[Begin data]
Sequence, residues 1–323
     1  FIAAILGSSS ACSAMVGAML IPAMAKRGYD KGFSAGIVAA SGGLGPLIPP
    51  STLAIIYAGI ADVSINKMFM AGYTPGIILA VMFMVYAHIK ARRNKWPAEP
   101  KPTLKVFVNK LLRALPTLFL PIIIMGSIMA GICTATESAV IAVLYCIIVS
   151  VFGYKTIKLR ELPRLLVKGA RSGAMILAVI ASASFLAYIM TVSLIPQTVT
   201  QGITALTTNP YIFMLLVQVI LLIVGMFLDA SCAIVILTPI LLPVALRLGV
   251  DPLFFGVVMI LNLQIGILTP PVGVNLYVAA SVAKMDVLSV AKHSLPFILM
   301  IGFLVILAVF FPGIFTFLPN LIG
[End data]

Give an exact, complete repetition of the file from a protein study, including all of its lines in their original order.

Sequence, residues 1–323
     1  FIAAILGSSS ACSAMVGAML IPAMAKRGYD KGFSAGIVAA SGGLGPLIPP
    51  STLAIIYAGI ADVSINKMFM AGYTPGIILA VMFMVYAHIK ARRNKWPAEP
   101  KPTLKVFVNK LLRALPTLFL PIIIMGSIMA GICTATESAV IAVLYCIIVS
   151  VFGYKTIKLR ELPRLLVKGA RSGAMILAVI ASASFLAYIM TVSLIPQTVT
   201  QGITALTTNP YIFMLLVQVI LLIVGMFLDA SCAIVILTPI LLPVALRLGV
   251  DPLFFGVVMI LNLQIGILTP PVGVNLYVAA SVAKMDVLSV AKHSLPFILM
   301  IGFLVILAVF FPGIFTFLPN LIG